I read the questions.
What exactly proves that?

The original survey was done over the telephone. How well would anyone do having long multiple choice questions read to them, with five answer choices?

Chaos
8th December 2008, 03:03 PM
Ha! 31 out of 33! Eat that!

I got #8 and #11 wrong.

Cavemonster
8th December 2008, 03:28 PM
One thing I don't get about the "reparations for slaves" deal: not one living person in the United States was a slave or a slave holder. One does not have the option of choosing one's ancestors. So why should those of us living in 2008 be punished for what people from the 1600s through 1865 did that we had no control over or say in?

It is a weird and sticky subject.
Part of the idea is that the system allows many to benefit from what people did 150 years ago or so.

There do exist today, millionaires who owe their status to inherited wealth from the exploited work of slaves clearly and directly. It is also clear that people who's grandparents or even parents were unwelcome in most colleges, underfunded in public schooling etc, are still at a disadvantage.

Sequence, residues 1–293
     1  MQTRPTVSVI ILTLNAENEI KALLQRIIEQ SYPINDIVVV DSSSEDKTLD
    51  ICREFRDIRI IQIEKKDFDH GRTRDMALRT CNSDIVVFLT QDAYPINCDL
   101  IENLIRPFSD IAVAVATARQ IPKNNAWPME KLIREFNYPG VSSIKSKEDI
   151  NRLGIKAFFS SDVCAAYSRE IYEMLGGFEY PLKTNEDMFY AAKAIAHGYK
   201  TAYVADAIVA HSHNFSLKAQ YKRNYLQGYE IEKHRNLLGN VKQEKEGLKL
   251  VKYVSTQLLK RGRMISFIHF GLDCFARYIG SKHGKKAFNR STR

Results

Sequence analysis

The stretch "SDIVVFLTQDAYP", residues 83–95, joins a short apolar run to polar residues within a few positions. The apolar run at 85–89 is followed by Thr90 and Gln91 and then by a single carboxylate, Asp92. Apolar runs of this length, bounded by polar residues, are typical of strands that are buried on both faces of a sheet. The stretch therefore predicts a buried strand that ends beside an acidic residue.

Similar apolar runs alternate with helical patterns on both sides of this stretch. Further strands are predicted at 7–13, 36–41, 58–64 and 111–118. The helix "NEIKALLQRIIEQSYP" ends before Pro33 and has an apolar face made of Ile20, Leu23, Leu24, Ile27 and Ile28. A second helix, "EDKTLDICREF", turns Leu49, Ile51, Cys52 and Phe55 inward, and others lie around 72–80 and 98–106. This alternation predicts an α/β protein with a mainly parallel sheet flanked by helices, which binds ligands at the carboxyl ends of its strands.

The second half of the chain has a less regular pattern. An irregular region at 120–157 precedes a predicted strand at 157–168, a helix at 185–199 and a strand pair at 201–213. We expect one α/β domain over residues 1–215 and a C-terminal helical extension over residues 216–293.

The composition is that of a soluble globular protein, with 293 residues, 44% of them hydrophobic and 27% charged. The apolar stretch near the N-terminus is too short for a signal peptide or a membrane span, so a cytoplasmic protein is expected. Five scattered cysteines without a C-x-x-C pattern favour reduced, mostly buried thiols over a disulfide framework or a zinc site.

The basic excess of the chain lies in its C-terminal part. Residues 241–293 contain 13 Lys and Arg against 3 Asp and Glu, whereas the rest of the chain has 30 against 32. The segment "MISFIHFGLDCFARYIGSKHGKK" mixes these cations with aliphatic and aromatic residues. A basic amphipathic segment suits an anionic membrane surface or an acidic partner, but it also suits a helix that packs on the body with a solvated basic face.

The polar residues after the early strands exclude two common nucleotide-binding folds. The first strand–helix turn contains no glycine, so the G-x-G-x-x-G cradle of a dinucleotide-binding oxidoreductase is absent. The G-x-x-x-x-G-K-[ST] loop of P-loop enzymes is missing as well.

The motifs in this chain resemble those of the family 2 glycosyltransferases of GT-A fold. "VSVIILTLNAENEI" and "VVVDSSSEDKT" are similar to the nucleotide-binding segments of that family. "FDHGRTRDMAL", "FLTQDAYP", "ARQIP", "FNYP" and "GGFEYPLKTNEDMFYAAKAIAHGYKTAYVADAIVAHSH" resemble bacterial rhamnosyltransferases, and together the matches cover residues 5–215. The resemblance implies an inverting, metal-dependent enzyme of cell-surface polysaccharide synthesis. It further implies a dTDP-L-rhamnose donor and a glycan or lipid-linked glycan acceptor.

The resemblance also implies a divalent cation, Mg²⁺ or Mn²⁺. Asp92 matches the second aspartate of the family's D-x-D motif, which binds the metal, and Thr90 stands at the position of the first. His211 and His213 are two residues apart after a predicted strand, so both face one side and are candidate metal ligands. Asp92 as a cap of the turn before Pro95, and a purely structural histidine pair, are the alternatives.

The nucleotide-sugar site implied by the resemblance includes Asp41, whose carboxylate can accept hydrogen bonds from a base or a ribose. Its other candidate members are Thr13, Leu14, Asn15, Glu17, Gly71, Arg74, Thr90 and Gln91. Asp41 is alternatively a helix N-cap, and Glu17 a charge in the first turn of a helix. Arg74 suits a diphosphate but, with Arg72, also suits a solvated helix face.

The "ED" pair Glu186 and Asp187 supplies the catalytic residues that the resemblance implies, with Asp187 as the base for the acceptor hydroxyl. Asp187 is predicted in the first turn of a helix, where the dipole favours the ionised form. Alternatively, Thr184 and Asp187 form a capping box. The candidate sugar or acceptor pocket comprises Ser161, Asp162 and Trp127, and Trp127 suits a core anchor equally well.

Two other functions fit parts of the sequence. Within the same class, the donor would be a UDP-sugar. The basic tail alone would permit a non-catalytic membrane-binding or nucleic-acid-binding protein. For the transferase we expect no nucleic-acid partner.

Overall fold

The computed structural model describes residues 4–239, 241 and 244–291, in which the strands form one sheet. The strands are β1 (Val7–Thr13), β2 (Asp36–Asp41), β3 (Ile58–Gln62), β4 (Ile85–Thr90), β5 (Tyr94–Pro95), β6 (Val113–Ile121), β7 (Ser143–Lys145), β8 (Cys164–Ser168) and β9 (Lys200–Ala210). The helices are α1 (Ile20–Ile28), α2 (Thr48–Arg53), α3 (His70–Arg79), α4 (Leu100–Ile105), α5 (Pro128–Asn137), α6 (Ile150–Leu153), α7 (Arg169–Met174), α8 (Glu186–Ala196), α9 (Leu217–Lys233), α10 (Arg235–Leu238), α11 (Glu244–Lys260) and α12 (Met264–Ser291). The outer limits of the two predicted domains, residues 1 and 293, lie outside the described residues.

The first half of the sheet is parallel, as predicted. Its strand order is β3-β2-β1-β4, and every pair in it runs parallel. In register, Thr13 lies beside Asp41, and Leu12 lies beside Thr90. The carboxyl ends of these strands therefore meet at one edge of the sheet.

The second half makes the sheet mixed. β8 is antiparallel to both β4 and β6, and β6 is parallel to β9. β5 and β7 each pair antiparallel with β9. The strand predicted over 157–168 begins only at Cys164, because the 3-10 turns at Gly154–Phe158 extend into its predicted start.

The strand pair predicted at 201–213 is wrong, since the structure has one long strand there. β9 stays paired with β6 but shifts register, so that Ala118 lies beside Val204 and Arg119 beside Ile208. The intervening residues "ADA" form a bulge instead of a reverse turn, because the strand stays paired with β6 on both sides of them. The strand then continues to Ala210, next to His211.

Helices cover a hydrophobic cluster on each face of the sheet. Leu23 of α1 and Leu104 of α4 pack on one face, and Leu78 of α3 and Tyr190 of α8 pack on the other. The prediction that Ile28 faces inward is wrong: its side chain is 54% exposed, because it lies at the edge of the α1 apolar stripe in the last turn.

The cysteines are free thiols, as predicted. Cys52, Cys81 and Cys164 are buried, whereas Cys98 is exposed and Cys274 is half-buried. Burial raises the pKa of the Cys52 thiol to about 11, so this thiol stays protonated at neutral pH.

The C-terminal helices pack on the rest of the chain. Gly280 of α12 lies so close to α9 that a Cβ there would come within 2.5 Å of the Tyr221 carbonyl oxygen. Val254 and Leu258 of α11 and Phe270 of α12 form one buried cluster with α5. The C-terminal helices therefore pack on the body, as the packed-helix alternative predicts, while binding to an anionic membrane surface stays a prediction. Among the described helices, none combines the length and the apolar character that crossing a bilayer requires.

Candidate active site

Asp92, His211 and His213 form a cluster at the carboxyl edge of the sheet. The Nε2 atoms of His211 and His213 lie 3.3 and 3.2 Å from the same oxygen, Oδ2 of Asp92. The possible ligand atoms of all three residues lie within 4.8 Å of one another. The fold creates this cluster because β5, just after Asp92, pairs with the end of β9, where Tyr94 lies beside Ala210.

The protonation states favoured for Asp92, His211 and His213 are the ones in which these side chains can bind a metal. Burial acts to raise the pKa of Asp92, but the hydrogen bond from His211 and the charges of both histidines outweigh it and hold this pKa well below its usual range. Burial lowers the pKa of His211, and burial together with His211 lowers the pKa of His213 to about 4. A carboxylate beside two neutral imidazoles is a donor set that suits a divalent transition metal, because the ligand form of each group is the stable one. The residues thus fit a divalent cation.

The system that created these benefits and perpetuated them is man-made, I see no problem in purposefully acting to even the balance sheet.

Corsair 115
8th December 2008, 03:28 PM
Two places we never teach about in Global History (9th/10th grade) in NYC - Canada and Australia. Why? No questions about those countries on the standardized test.


Given the importance of Canada to the U.S. economy* and the longstanding relationship between the two countries, the lack of coverage is somewhat curious.


*Which nation buys more dollars' worth of U.S. export goods than any other? Canada. In 2007, Canada accounted for $248.9 billion of the total $1,163.3 billion of U.S. export goods. That's 21.4% of the total. The second place nation? Mexico. It accounted for 11.7%. China was third with 5.6% of the total.

Which nation supplies the most crude oil to the United States? Canada. In 2007 it accounted for 18.82% of U.S. crude oil imports. Saudi Arabia was second with 14.53%, while Mexico was third at 14.04%.